Figure 10 (as representative case) illustrates a few characteristic results showing typical Cole-Cole plots at several temperatures (in LC region). The symbols used in it are representing the experimental data and the solid line is representing the semicircle fitting. Table 2 provides the subset relaxation time values at different frequencies and phases. Same relaxation times are observed to all frequencies on semicircle curvature at a particular temperature on varied u, v values. From Figure 10, conclusions are drawn that the dielectric dispersions (curvature) for nanodoped LCs are exhibited better at the frequency studied when compared to pure composites. These plots are drawn to analyze the dielectric dispersion spectra of the LC phases with respect to isotropic phase relaxation times and variations in dipoles orientation variation as a function of temperature. Even though there is a fixed temperature and having same nematic or smectic order with same molecular structure in these series, there are different relaxation times observed at different relaxation frequencies for variation in their carbon chain length. Table 2 shows the calculated values of relaxation times using Cole-Cole plots in isotropic, nematic, and smectic phases at particular temperatures.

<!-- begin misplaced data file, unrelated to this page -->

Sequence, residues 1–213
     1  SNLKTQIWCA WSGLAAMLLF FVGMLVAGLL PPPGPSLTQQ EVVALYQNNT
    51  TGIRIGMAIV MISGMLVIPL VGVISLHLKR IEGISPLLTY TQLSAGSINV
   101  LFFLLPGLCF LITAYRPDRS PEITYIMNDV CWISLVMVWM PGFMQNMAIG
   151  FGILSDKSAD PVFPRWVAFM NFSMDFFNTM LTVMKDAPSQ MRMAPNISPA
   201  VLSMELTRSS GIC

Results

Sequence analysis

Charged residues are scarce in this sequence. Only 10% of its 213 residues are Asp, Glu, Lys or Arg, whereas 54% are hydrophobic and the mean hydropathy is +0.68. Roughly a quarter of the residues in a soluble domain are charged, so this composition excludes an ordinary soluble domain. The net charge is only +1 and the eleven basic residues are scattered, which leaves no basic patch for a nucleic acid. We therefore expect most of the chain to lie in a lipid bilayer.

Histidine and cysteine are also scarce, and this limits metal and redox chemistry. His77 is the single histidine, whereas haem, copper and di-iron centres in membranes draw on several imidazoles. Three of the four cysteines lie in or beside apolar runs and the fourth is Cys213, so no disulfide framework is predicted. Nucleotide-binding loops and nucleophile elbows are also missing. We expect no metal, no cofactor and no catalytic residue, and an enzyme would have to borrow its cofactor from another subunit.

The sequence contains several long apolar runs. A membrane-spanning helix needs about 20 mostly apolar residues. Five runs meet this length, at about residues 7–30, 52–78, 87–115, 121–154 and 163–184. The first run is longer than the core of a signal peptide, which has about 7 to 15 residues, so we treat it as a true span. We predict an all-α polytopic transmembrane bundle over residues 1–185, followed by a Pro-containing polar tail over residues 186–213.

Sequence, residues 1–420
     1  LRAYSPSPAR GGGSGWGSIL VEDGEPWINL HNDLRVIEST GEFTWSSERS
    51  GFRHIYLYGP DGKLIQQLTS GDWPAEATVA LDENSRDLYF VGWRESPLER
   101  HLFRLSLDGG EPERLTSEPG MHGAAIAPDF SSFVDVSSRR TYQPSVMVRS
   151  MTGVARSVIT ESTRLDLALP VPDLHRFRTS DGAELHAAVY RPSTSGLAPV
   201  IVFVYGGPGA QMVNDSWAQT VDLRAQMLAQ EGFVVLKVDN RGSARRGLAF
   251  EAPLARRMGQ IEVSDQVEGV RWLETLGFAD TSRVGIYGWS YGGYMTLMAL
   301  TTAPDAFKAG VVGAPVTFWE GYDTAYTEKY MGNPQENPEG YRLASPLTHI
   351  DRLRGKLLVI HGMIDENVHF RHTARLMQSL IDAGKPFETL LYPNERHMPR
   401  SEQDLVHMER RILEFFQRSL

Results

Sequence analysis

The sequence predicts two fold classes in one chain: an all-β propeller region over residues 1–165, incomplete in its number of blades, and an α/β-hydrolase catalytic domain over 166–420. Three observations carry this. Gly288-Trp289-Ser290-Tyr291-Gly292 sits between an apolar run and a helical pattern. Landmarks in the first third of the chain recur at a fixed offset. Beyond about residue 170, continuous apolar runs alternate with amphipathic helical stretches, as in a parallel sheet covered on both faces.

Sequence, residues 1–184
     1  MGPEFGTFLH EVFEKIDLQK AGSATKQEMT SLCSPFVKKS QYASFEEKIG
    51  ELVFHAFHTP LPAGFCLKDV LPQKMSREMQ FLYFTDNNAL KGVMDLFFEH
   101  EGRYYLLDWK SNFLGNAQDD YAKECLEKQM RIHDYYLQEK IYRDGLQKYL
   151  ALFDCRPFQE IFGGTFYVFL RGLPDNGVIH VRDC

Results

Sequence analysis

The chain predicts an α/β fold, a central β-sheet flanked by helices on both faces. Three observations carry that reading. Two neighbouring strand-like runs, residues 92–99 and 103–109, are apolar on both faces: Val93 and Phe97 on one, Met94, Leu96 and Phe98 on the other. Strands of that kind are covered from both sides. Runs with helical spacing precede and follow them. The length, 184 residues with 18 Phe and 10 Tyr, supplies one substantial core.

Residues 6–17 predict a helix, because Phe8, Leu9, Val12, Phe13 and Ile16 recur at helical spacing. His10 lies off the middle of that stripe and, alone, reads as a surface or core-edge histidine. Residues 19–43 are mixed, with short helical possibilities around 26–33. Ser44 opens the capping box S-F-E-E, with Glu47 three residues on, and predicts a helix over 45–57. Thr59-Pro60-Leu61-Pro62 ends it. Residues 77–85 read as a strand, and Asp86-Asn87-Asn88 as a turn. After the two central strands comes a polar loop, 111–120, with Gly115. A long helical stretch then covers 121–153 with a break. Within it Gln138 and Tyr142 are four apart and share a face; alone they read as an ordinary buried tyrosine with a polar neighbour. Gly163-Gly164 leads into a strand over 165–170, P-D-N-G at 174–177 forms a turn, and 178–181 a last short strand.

Among all these series, the pure 7OBA compound does not show any relaxation but the 7OBA nanodoped compound shows relaxation. This phenomenon is reversed in the case of 4OBA compound as given in Table 2. It is concluded that the [Fe.sub.3][O.sub.4] particles hindered the free rotations in the liquid crystal matrix and showed better relaxation times at studied frequencies when compared to pure compounds. In some cases of pure and nanodoped LCs, have displayed nearly equal dispersions and relaxation times as that of the isotropic phase [12] and showing the reorientation of molecular dipoles dominating the ordering in LC phases. The presence of nano not only effected the molecular ordering but also influenced the dielectric parameters like [epsilon]', [epsilon]", r, and activation energy. These changes can be attributed to the dipole moment contribution of magnetite nanoparticles to the liquid crystal molecules [29, 30].